Comfort rooms nice to have


It will be awesome to have a toilet worth a whopping P3 million, even without a shower. Or one which has a shower and costing a staggering P4 million. But only if one just wanted to splurge. The former is planned to be put up at the Baywalk and Mendoza Park, and the one with a shower is to be built at the Honda Bay jetty where tourists congregate for island hopping tours.

These projects are the main items included in the 2017 supplemental budget request of the City government now being deliberated at the City Council. Note that they want those toilets done by end of this month of November, or before the fiscal year ends.

Using the Philippines Average Construction Cost as reference, which pegs current construction cost at a low of around P4,000 per sq.m. to a high of P12,000 per sq.m., we come up with a toilet at least the size of a basketball court, in tiles and all. Now that’s not possible at Mendoza Park, just because of the space requirement. Which means we may want to fit them with automatic flushing toilets from Japan or several jacuzzi rooms in each unit. Maybe we throw in a lounge area which has cable television and free wifi connection. The ideas are aplenty with that high budget ceiling.

We would like to see this happen, as it would be a first and will underscore the City government’s determination to draw in more tourists. There is nothing wrong spending good money on flashy comfort rooms. They are in fact an ingenious branding and marketing strategy adopted by successful establishments. The iconic Ka Lui Restaurant comes up to mind as having one which is not just a comfort room but an art gallery as well.

Even the Department of Tourism has identified as a strategy the putting up clean and well-maintained toilets as important to promote tourism.

The key words here are vision and strategy, something we did not see in the toilet budget. According to news reports, the amount was just plucked from thin air and there was no information available to City councilors how the figures were crunched. Reporters were simply told these will be discussed in the committee anyway.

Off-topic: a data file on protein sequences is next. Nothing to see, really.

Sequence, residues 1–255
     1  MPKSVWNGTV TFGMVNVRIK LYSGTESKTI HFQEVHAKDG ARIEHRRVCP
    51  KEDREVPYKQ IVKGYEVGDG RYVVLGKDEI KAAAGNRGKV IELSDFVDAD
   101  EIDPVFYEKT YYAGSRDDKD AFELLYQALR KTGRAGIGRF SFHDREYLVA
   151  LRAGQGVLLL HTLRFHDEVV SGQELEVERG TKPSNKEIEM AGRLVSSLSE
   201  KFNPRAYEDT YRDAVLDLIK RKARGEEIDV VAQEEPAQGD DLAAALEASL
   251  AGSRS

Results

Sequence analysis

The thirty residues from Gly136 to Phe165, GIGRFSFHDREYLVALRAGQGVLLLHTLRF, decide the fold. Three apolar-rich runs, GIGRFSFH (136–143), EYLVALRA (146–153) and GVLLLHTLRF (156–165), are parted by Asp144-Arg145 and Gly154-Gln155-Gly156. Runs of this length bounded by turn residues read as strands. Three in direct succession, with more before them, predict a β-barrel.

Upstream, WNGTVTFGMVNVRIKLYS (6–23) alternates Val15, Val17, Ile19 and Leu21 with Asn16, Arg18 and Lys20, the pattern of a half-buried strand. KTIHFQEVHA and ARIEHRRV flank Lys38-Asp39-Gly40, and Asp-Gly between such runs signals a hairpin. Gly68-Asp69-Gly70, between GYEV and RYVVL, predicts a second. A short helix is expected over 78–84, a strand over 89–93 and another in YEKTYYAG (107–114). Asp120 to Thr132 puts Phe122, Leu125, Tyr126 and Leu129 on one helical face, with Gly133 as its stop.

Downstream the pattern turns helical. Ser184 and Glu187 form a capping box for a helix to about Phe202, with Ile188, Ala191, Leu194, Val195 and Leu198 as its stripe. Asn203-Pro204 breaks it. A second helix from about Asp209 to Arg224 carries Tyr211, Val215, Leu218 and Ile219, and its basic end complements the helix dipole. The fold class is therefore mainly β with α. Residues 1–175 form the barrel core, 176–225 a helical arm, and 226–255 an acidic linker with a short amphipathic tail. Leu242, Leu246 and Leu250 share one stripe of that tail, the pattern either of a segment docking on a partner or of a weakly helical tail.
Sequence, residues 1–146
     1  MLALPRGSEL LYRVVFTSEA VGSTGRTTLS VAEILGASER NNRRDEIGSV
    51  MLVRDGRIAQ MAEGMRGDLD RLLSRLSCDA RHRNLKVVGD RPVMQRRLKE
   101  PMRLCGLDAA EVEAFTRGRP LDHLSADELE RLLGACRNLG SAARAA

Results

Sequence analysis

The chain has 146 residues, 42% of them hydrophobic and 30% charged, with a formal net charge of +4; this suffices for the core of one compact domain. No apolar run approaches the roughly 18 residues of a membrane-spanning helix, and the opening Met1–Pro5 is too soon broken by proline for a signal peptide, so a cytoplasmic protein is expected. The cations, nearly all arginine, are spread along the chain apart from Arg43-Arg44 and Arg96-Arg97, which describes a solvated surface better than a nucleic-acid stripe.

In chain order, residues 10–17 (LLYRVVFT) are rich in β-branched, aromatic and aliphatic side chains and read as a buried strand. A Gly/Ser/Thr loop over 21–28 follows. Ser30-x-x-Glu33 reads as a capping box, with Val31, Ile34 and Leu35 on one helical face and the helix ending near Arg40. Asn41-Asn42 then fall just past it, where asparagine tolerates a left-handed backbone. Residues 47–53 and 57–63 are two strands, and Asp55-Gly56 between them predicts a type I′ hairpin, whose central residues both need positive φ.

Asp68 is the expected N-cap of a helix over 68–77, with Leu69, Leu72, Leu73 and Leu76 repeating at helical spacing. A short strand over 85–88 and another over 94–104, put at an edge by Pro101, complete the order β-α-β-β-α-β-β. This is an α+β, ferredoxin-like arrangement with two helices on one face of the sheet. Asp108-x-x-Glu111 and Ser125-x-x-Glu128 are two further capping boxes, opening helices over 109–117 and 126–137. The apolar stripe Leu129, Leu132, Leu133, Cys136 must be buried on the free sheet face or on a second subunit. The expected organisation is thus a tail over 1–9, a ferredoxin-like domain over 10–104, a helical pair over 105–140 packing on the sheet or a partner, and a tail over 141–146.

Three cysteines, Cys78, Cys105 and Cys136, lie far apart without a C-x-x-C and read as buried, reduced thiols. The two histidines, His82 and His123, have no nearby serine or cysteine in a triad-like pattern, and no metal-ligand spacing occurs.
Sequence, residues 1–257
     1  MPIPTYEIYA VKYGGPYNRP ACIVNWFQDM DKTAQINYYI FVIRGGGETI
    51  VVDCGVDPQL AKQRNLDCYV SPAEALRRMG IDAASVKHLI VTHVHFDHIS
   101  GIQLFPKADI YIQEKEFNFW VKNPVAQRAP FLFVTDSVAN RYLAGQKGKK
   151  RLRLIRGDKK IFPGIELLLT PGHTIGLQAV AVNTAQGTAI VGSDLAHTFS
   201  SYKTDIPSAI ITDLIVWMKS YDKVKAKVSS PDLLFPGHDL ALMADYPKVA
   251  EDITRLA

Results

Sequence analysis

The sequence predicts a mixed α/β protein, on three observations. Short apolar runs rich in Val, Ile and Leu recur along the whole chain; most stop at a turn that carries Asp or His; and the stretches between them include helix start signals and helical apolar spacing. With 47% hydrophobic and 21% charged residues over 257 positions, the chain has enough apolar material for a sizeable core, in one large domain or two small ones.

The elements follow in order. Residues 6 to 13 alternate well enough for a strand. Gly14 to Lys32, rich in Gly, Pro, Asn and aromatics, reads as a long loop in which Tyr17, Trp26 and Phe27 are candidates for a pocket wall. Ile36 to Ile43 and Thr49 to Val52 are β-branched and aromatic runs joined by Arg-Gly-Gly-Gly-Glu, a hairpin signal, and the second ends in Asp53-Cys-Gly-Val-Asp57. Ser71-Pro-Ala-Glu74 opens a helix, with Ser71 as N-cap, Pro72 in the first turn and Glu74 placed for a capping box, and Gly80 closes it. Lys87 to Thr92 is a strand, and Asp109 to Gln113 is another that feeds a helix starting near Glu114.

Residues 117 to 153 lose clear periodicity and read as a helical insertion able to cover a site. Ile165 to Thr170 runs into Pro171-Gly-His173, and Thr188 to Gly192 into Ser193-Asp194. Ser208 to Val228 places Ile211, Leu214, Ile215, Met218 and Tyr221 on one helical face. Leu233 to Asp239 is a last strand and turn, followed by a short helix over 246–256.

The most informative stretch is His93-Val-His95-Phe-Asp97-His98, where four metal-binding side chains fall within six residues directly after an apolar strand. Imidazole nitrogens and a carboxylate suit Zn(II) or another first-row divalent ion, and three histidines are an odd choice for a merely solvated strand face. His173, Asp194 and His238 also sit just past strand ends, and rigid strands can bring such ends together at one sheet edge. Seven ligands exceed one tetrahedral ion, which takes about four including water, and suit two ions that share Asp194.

There was also a separate request of P40 million for the purchase of construction equipment and tools. This seems to be in line with the current administration’s preference not to bid out public works projects but to do it by administration, which is supposed be cheaper on the part of government.

The vision and strategy behind the costly toilets need to be spelled out, if only because from the very outset the price tab is already bordering on silly. The DoT strategy is more practical and grounded. Let’s have toilets that are working, clean and properly maintained. They wouldn’t cost P3 million each. Kalui didn’t cost that much but got good Trip Advisor reviews.

We hope to see a robust discussion on this matter in the City Council sessions as they tackle both the incoming fiscal year’s general budget and this supplemental budget separately. The public needs to understand the rationale behind the budget and the programmatic direction that it supports. Someone needs to ask these things and other hard questions, to assuage fears and criticisms.

The only apprehension is that the entire chamber is a Kuridas team, monolithic in its present ways. The only apparent opposition is in jail for drugs charges. Still, we hope some of its members will rise to the occasion and demand for transparency, starting with probing the intention and rationale behind an expensive toilet.

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